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Enhancing Teacher Stem Content Knowledge through Problem-Based Learning Approach to Neuroscience

It is widely accepted that the brain is a vital and fascinating organ. Unfortunately, despite its significance, the science behind how the brain functions remains a mystery to many high school students. Because neuroscience courses are not a required component of a college biology degree, most high school science teachers are not trained in the subject area. Therefore, although it is a component of Tennessee's high school Biology, State of Tennessee, International Baccalaureate, Cambridge, and AP biology standards, teachers are often not well equipped to effectively teach it. Additionally, traditional teaching methods typically minimize the importance of real-world applications in favor of rote memorization of facts, to the detriment of the students. Problem-Based Learning (PBL) approaches allow teachers to incorporate the real world significance of neuroscience into the classroom. By participating in actual PBL units during a professional development workshop, teachers will gain the understanding of scientific research and PBL, which will help to effectively implement PBL in the science classroom. The proposal presented here addresses all of these aforementioned issues by implementing a one week professional development workshop for teaching the topics of neuroscience and psychology through a PBL lens. The instruction, activities, and labs provided will cover a range of topics, including the physics behind concussions, the neurology of post traumatic stress disorder and the neuropathology of C. elegans. The objective of this workshop is to provide high school teachers in MNPS with an understanding of PBL and interdisciplinary science content covered in neuroscience. Teachers to develop a PBL unit for their classrooms that pertains to the information gained and will be provided with the resources necessary to implement that PBL in fall 2017.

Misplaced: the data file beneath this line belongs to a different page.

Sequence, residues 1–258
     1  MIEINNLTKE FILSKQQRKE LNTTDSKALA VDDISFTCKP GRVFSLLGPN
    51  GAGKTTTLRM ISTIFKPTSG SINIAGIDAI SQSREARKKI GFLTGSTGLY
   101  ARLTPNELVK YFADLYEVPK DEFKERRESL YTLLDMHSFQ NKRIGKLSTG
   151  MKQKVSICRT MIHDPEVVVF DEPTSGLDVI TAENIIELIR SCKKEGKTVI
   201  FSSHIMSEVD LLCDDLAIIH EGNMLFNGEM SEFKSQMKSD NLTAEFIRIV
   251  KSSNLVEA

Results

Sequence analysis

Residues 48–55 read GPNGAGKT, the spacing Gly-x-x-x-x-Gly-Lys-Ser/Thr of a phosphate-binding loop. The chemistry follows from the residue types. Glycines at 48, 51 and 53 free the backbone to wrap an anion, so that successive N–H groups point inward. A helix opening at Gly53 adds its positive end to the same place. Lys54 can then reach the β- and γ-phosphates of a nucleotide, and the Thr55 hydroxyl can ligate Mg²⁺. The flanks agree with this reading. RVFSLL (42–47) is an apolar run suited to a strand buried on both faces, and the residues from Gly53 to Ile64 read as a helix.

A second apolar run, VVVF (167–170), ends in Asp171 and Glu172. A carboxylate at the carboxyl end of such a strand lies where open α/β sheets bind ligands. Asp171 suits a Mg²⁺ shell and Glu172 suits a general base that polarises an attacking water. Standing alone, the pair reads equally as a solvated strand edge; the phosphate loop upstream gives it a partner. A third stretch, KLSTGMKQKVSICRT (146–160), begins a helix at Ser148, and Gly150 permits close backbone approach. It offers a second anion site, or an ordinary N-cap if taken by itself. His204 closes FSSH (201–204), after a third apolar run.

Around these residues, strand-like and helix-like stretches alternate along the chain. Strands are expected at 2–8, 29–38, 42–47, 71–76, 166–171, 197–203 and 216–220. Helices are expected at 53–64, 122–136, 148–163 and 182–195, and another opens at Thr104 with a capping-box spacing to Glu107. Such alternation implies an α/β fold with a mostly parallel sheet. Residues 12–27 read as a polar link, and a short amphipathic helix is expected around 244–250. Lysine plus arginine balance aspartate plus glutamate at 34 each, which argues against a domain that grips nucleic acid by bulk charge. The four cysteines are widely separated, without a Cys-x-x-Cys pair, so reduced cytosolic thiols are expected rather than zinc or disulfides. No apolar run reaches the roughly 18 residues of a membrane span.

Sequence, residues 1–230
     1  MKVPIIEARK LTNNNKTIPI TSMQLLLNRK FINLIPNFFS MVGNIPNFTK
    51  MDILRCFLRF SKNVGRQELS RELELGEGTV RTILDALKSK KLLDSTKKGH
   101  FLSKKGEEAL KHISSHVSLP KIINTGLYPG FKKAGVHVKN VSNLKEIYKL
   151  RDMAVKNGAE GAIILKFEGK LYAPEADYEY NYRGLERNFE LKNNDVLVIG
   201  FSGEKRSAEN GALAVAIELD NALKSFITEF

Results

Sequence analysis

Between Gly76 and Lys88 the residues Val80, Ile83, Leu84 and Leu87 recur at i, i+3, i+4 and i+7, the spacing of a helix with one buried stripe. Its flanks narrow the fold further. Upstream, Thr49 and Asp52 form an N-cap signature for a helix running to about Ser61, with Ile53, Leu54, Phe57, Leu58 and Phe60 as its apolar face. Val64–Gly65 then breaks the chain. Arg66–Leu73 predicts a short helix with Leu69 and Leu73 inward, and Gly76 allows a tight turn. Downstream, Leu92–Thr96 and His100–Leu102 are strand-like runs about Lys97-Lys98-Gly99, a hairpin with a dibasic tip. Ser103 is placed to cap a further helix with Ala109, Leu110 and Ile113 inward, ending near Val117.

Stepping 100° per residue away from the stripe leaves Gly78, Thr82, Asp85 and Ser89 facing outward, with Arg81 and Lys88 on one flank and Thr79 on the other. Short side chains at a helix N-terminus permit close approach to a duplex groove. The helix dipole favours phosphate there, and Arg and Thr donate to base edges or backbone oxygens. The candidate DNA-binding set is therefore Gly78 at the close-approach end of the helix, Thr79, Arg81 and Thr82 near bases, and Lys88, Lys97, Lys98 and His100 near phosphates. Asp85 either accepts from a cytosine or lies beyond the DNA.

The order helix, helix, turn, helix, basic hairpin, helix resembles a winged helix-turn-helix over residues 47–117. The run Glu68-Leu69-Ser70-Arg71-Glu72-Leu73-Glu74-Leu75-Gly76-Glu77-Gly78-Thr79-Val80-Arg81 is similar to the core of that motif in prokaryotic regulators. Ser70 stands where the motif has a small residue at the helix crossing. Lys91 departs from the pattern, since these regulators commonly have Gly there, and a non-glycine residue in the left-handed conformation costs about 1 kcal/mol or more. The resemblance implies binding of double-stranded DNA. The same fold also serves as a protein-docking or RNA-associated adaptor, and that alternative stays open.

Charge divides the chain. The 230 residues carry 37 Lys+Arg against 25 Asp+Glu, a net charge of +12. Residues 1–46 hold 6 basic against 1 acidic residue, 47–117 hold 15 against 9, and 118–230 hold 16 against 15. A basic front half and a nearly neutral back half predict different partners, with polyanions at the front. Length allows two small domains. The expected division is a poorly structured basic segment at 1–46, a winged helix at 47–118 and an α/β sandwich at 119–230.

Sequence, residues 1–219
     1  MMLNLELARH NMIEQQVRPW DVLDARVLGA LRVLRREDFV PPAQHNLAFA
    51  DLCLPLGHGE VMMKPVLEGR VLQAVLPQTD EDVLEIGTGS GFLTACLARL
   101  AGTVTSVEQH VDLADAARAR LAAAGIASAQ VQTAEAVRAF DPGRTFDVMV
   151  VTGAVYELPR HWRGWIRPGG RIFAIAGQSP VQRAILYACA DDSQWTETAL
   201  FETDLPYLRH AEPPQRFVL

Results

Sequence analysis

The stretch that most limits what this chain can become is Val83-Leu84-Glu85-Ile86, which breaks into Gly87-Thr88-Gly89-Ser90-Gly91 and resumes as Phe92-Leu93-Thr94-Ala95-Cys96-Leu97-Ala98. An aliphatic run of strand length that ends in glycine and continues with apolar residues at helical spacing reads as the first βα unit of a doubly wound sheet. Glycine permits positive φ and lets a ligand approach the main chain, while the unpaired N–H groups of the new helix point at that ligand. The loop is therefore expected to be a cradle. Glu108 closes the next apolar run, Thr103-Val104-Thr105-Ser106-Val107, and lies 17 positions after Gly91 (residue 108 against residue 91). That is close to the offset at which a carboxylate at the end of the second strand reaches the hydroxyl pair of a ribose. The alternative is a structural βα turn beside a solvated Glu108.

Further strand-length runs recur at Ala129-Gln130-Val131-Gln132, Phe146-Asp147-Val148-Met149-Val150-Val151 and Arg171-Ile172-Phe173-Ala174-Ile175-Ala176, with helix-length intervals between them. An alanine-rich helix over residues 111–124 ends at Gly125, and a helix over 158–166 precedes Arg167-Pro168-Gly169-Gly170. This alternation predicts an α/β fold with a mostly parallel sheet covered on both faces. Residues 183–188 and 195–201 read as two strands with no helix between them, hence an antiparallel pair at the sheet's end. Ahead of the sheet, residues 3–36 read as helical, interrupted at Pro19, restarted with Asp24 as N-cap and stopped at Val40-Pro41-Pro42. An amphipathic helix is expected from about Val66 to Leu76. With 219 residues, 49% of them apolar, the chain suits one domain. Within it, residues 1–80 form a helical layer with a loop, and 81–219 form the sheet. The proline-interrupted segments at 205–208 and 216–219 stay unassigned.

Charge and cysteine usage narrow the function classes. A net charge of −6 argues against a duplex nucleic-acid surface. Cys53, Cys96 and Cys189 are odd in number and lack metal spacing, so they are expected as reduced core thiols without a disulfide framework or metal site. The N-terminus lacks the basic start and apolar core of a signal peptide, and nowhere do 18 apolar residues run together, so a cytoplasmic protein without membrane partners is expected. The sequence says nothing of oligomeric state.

Grantor: THEC

Expected completion date: 12/31/2017

Project or Grant: Grant
Date Span: January 01, 2017 to December 31, 2017
Principal Investigators: Marci Howdyshell
Academic Department: Center for Science Outreach



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